Sterling Hangs More On The Fed Than The Tories

Sterling Hangs More On The Fed Than The Tories

City Index  | Jun 19, 2019 20:24

Fed may soon pose as much downside risk to the pound as the Conservative leadership contest

The pound against the dollar has been hoisted as much as 130 pips off 5-month lows this week and anticipation of looser Federal Reserve policy has probably been the biggest boost, even as the Fed’s statement and press conference pose risks to those gains tonight.

The part played by the Conservative leadership race is subtler. Boris Johnson extended his lead to 143 in the third round from 126, even after some backers reportedly lent votes to Home Secretary Sajid Javid. That suggests Johnson will be even less stoppable in later ballots.

Elimination of Dominic Rabb, supporter of the hardest Brexit, in the previous round, may have encouraged Johnson to conspicuously walk back no-deal pledges. But such inconsistency, even unreliability, is another reason why sterling markets are set to remain wary. Raab tipped the balance even further in Johnson’s favour by backing him and tacitly resuming some Brexit pressure.

The full results of tonight’s ballot: Boris Johnson: 143; Jeremy Hunt: 54; Michael Gove: 51; Sajid Javid: 38; Rory Stewart: 27. Stewart, the last remaining outsider, and most publicly pragmatic about Brexit is eliminated. The voting continues to suggest ample room for political pressure on the pound to ebb back, given that sterling buyers have unequivocally demonstrated disfavour for an ‘uncontrolled’ Brexit.

Additionally, Inflation numbers out this morning provided little backing for the earlier than expected BOE rate hike mooted by some policymakers. Headline prints were stable relative to forecasts, but input prices collapsed to a 1.3% rate on the year in May from 4.5% in April. There was literally zero growth on a monthly basis.

This leaves sterling’s fate largely down to the Fed. The minutiae of commentary and market reaction is set to decide whether the pound extends or ends its bounce. The Fed has several levers to pull before it cuts rates as many as four times before year end, as some market pricing seems to expect. What’s important is whether the sum total of commentary, possible reduced inflation forecasts, and lowered dot-plot estimates are deemed to have met market expectations.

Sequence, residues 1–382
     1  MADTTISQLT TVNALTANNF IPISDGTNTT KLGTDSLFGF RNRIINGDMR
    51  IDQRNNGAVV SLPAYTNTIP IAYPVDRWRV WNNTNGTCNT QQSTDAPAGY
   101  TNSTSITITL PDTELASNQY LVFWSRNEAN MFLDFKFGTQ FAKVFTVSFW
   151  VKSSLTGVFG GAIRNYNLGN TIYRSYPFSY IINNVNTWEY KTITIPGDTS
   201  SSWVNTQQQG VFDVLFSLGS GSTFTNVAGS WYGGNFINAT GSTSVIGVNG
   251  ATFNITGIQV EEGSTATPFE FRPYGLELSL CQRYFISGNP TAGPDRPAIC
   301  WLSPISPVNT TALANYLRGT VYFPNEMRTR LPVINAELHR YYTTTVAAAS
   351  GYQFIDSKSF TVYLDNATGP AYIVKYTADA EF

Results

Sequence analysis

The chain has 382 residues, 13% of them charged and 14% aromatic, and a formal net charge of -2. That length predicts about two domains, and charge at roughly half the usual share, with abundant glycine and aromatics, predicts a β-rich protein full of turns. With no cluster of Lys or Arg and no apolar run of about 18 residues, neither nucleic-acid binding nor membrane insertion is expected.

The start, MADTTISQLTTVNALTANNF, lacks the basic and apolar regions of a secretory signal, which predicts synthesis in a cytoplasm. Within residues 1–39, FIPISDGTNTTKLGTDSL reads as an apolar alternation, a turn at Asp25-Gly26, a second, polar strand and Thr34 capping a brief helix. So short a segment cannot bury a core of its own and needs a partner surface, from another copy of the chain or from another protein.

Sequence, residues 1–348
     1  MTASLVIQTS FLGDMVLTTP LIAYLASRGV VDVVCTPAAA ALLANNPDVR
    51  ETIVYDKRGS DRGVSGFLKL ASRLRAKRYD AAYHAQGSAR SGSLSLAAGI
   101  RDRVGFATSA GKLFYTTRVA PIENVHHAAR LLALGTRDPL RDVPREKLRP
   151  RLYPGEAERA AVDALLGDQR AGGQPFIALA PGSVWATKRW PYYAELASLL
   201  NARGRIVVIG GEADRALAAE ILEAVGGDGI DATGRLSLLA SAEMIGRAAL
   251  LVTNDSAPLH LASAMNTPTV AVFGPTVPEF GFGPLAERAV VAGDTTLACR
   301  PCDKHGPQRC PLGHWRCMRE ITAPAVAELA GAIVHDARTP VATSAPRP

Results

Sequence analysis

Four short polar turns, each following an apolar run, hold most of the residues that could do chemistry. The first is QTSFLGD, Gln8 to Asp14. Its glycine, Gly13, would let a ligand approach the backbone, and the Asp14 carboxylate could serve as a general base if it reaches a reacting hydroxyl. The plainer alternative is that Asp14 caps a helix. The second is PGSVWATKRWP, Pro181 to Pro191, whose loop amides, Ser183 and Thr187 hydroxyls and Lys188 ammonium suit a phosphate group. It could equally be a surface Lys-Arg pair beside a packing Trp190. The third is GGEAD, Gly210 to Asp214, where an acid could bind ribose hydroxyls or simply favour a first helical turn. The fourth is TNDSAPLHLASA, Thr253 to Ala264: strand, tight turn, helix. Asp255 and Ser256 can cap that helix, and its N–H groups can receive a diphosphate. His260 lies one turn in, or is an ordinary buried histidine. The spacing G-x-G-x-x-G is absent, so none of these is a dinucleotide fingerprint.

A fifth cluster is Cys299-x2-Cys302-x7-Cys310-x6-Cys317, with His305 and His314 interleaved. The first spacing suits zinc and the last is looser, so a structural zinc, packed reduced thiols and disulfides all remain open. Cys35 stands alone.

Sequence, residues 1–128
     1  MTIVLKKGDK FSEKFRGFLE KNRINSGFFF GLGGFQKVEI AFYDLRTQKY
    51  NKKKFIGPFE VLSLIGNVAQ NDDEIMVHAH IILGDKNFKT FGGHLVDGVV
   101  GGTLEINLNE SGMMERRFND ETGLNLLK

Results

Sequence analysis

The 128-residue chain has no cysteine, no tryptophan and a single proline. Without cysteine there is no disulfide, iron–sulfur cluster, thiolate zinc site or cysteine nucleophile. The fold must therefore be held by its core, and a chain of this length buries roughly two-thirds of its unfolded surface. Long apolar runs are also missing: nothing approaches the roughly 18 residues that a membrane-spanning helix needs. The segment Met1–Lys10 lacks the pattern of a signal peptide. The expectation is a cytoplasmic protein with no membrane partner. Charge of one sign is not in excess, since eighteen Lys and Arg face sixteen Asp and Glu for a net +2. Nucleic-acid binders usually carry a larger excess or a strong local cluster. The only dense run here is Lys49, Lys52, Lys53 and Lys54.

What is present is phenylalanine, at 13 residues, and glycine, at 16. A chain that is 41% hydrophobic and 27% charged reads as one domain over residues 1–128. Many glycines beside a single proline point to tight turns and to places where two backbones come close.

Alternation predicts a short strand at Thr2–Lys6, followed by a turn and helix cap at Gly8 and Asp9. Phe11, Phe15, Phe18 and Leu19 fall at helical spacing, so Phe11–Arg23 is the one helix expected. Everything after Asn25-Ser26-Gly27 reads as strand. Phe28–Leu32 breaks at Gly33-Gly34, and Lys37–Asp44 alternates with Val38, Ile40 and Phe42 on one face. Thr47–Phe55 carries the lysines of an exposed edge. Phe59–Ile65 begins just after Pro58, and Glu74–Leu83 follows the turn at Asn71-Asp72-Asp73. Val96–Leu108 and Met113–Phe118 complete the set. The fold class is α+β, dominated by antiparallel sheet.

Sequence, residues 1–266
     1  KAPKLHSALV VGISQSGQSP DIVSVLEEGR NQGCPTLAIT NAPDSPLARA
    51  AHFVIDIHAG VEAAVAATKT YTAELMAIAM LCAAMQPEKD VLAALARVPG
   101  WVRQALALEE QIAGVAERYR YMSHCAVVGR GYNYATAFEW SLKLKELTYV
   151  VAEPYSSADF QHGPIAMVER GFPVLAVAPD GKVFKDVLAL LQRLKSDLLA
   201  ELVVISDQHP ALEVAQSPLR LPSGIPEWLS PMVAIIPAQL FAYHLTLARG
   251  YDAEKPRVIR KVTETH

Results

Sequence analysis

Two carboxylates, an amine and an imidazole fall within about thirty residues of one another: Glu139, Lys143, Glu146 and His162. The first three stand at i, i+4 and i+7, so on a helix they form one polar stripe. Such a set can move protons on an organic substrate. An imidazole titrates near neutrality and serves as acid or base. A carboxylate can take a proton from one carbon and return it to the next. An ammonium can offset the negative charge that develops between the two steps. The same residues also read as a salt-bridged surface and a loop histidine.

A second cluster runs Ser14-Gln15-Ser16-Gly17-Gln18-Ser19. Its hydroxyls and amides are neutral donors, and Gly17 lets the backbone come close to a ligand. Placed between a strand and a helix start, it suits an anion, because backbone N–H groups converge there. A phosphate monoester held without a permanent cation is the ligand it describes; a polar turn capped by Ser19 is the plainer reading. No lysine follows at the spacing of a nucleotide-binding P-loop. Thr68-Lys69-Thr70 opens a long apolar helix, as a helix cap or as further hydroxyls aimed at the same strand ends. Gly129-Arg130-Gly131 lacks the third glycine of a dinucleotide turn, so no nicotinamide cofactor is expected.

Anticipation is so huge that there are decent risks to the downside, including for the pound.

Chart thoughts

Cable has now staged its most sure-footed upswing since a 5% slide this month, adding the look of being ‘structurally overbought’ to possible pressures. GBP/USD is beginning to make inroads in other ways though, pacing 50- and 100-hourly moving averages. And whilst some recently breached levels look peripheral, some are not.

GBP/USD has sliced clean through $1.2559 from the big swooping swing low on 31st May. But short-term oscillators are drifting lower and sterling could therefore soon eye the corroborated pivot around $1.2605. It needs to hold above that to have any hope of a shot at the real prize, $1.27081, marked unmistakeably as key resistance at the top of a sharp failure at $1.2708 last week.

Sterling/U.S. dollar - hourly

GBP/USD Hourly

Disclaimer: The information and opinions in this report are for general information use only and are not intended as an offer or solicitation with respect to the purchase or sale of any currency or CFD contract. All opinions and information contained in this report are subject to change without notice. This report has been prepared without regard to the specific investment objectives, financial situation and needs of any particular recipient.

Any references to historical price movements or levels is informational based on our analysis and we do not represent or warrant that any such movements or levels are likely to reoccur in the future. While the information contained herein was obtained from sources believed to be reliable, the author does not guarantee its accuracy or completeness, nor does the author assume any liability for any direct, indirect or consequential loss that may result from the reliance by any person upon any such information or opinions.

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